The quest by big retail chains in the US to offer fast fashion -- on-trend apparel delivered before it goes out of style -- remains a challenge. The stakes are high to make fast fashion work. A rapidly changing assortment of trendy clothes helps drive customers into stores, and potentially stave off the encroachment of online retailers.
In the last couple of years, people started realizing they have to speed up. And one of the reasons is the consumer has really sped up. As consumers jump from one trend (and brand) to the next faster than ever, US retailers are collectively being forced to pivot away from the traditional model, which values low costs above all else. The methods they’ve adopted vary widely.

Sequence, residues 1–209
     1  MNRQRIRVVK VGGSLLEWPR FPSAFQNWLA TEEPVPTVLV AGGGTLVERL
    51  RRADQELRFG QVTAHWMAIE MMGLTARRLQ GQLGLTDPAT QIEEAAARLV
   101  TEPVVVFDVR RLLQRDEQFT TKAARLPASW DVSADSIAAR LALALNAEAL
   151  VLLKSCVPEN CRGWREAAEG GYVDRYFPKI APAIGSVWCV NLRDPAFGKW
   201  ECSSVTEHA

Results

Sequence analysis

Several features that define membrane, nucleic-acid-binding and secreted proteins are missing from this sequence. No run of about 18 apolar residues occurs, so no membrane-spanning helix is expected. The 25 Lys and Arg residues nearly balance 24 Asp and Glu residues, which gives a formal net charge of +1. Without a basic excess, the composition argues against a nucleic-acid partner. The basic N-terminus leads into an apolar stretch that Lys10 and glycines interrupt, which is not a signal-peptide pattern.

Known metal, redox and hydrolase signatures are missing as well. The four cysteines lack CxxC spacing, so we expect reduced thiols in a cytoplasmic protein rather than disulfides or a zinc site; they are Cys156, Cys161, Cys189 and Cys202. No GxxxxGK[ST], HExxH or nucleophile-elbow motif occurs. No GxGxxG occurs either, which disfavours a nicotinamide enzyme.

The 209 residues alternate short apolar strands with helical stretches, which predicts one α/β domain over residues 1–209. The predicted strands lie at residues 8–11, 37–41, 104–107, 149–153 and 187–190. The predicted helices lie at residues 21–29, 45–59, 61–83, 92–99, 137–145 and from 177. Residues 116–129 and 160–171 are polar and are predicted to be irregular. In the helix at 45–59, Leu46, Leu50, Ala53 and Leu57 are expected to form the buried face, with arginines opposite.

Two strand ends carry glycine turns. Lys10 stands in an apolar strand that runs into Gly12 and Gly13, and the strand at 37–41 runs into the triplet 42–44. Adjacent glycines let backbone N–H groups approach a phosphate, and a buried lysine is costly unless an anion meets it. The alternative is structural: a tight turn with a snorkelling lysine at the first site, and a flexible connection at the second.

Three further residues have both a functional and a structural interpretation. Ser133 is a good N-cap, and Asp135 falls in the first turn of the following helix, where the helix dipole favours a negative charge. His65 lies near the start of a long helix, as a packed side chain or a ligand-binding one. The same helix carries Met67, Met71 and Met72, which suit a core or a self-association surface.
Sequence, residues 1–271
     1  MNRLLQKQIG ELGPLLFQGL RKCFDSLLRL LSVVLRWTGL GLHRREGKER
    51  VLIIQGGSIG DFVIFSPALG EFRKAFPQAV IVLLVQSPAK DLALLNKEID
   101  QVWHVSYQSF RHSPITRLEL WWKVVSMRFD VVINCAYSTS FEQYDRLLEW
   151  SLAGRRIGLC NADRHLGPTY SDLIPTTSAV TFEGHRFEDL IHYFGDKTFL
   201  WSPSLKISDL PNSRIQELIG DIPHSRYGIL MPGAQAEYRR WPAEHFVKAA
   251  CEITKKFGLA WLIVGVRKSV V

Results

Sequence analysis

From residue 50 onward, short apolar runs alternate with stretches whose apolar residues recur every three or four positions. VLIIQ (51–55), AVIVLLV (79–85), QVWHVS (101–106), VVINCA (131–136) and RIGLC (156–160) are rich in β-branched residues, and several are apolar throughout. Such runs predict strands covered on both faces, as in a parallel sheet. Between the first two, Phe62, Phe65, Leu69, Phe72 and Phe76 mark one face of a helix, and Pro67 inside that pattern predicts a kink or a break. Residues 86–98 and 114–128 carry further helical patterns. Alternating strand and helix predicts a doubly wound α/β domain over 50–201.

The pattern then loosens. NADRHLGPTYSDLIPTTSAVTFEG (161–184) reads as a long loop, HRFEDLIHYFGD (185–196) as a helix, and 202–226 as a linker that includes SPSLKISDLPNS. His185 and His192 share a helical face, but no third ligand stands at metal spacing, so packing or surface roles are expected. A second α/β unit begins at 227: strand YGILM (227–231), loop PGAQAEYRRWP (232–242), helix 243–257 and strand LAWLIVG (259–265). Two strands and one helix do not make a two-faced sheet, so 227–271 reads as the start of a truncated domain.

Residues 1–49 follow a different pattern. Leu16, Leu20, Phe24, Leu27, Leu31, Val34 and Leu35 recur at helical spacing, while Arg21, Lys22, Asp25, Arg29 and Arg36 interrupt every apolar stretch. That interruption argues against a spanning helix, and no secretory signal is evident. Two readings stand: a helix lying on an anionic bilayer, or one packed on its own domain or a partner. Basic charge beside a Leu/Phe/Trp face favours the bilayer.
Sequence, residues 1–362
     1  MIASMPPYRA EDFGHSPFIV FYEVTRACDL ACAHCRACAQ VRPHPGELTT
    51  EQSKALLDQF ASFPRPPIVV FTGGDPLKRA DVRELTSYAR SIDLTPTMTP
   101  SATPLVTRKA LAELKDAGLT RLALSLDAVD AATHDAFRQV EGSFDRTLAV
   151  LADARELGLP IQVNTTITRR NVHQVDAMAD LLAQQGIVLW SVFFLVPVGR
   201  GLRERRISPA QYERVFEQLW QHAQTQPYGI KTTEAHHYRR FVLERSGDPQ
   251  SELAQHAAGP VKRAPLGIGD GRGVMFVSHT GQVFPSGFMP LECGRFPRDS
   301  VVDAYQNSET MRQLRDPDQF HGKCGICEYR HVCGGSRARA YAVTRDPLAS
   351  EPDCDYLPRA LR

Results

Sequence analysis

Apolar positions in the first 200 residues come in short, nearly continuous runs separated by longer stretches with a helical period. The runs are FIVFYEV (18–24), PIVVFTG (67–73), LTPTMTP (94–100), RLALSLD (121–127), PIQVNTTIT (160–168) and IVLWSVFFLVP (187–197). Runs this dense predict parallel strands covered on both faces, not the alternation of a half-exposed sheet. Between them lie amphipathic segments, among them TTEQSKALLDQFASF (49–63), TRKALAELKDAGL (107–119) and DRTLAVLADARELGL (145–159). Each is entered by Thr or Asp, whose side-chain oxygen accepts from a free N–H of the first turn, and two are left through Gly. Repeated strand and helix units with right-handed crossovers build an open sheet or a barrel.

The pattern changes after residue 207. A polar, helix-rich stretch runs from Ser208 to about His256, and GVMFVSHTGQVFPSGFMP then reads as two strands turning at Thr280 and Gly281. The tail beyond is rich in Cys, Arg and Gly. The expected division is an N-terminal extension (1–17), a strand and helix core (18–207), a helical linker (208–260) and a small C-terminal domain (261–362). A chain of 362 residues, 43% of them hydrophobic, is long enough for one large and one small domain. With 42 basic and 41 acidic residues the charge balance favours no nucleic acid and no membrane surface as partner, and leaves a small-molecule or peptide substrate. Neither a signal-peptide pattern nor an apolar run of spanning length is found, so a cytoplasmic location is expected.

For now, few US retailers can match the fast-fashion prowess of European competitors such as Inditex and H&M. These companies pioneered the model by taking flexibility to the extreme, via airlifted merchandise, small order sizes and an accelerated design process.
A transition to fast fashion is also complicated as most US retailers depend on suppliers, while a company like Zara is vertically integrated -- allowing more control from start to finish. That means, for US apparel vendors, the acceleration has to occur across multiple companies.